Alexander Parvus (Aleksandr Izrail Lazarevich Gelfand), Russian revolutionary and a German Social Democrat, as well as a German intelligence agent, who helped enable Lenin to reenter Russia in 1917 from exile in Switzerland, thus helping to ignite the Russian Revolution of October 1917.
In December of 1905 Parvus authored a provocative article on behalf of the St. Petersburg Soviet, The Financial Manifesto, which described the Russian economy as being on the verge of collapse. In turn the article was dispatched to other communist agents in the more mainline newspapers who published it as well. In combination with this propaganda, Parvus coordinated an agitation of locals to feign a run on the banks. As the news of the article and the subsequent “rush” was spread, the consequent hysteria managed to upset the economy and enrage prime minister Sergei Witte, but did not cause a financial collapse. In connection with this provocation and Parvus’ involvement in the organization of anti-government actions during the 1905 revolution, Parvus (together with other revolutionaries such as Leon Trotsky) was arrested by the Russian police. While in prison he became close with other revolutionaries, and was visited by Rosa Luxemburg. Sentenced to three years exile in Siberia, Parvus escaped and ran away to Germany.
While in Turkey, Parvus became close with German ambassador Baron Hans Freiherr von Wangenheim who was known to be partial to establishing revolutionary fifth columns among the allies. Consequently, Parvus offered his plan via Baron von Wangenheim to the German General Staff: the paralyzing of Russia via general strike, financed by the German government. Von Wagenheim sent Parvus to Berlin where the latter arrived on the 6th of March, 1915 and presented a 20 page plan titled A preparation of massive political strikes in Russia to the German government. Parvus’ detailed plan recommended the division of Russia by sponsoring the Bolshevik faction of the Russian Social Democratic Labor Party. Basing himself on his 1905 experiences, Parvus theorised that the division of Russia and its loss in the First World War was the best way to bring about a socialist revolution.
Parvus placed his bets on Lenin, as the latter was not only a radical but willing to accept the sponsorship of the Tsar’s wartime enemy, Germany. The two met in Berne in May 1915 and agreed to collaboration through their organizations, though Lenin remained very careful never to get associated with Parvus in public. There is no certain proof that they ever met face to face again, although there are indications that such a meeting may well have occurred on April 13, 1917 during Lenin’s stop-over in Stockholm.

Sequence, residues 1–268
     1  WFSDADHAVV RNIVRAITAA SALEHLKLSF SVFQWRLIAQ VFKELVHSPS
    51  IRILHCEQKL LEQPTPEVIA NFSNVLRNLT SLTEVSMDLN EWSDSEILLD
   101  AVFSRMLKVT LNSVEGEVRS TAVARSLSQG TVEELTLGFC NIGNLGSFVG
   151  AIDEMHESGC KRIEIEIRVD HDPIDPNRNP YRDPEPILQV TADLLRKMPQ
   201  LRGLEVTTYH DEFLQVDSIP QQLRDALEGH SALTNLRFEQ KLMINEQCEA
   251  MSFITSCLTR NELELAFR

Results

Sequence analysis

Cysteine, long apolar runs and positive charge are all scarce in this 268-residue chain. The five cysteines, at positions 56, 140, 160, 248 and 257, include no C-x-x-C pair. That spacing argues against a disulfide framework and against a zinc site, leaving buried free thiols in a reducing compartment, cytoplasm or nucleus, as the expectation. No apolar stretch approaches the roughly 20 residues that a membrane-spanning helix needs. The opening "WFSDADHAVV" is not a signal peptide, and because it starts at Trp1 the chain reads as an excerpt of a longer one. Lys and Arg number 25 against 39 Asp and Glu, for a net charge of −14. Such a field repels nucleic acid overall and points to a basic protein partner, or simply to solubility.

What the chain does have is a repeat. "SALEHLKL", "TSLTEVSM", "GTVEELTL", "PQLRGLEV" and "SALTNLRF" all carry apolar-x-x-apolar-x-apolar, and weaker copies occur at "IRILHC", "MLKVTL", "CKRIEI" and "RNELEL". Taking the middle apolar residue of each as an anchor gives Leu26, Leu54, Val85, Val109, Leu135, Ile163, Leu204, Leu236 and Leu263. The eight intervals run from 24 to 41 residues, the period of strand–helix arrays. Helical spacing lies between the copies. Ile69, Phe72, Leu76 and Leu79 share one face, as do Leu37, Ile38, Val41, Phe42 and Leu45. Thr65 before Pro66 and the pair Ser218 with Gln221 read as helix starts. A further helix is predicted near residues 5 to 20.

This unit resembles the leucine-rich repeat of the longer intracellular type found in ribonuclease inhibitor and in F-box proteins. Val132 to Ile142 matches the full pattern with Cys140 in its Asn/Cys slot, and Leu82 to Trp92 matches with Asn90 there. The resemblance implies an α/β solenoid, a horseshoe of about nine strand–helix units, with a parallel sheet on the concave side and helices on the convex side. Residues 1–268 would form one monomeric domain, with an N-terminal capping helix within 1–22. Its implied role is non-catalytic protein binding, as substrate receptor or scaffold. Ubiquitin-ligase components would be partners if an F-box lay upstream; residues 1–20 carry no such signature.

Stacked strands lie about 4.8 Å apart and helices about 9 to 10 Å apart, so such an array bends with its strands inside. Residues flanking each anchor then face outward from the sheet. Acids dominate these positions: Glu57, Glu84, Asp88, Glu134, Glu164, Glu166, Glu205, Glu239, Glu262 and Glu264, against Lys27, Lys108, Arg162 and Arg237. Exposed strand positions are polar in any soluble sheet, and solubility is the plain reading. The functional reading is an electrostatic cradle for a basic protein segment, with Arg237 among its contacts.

Parvus met with Lenin in Swiss in May 1915. Lenin had never liked Parvus, but, as he was cynical and he wasn`t man of principle, he accepted Parvus plan and German money.
German intelligence set up Parvus’ financial network via offshore operations in Copenhagen, setting up relays for German money to get to Russia via fake financial transactions between front organizations. A large part of the transactions of these companies were genuine, but those served to bury the transfer of money to the Bolsheviks, a strategy made feasible by the weak and overburdened fiscal and customs offices in Scandinavia, which were inadequate for the booming black market in these countries during the war.
The most notorious was the Institute for the Study of the Social Consequences of War which Parvus set up in Denmark. Initially he had intended for Nikolai Bukharin to lead the operation, but under the pressure of Lenin who mistrusted Bukharin as a probable government agent instead instituted Lenin’s confidants Yakov Ganetsky and Karl Radek. The activities of agent couriers were organized by Moisei Uritsky, later the head of Soviet Petrograd’s Cheka.
Parvus’ reputation with the German ministry of foreign affairs came into question when in the winter of 1916 a Parvus planned financial catastrophe in St. Petersburg (akin to Parvus’ provocation against the Russian banks in 1905) failed to produce a massive uprising. As a result, financing for Parvus’ operations were frozen. Parvus went for support to the German Navy, briefly working as their advisor. He managed to help prevent Russian naval admiral Kolchak from taking on his offensive against the Turko-German Fleet in the Bosphorus and Dardanelles by planning the sabotage of a major Russian warship. This success gave him more credibility, once again, in the eyes of the Germans.
To meet German and Parvus goals, Lenin needed to be in Russia, but he was in Swiss. In March 1917, in a plan strategized together with Parvus, German intelligence sent Vladimir Lenin and a group of 33 of his revolutionary associates from Switzerland through Germany in a special secret train under supervision of Swiss socialist Fritz Platten. In Berlin train was stopped for 24 hours. It`s not proved, but possibly Lenin at that time met with some German statesmen. By the way, Lenin liked German beer.
Ironically, after October revolution when Lenin became first man in Russia he rejected Parvus (he wanted to play active role in Russia`s revolution too) with words “The revolution cannot be done with dirty hands”.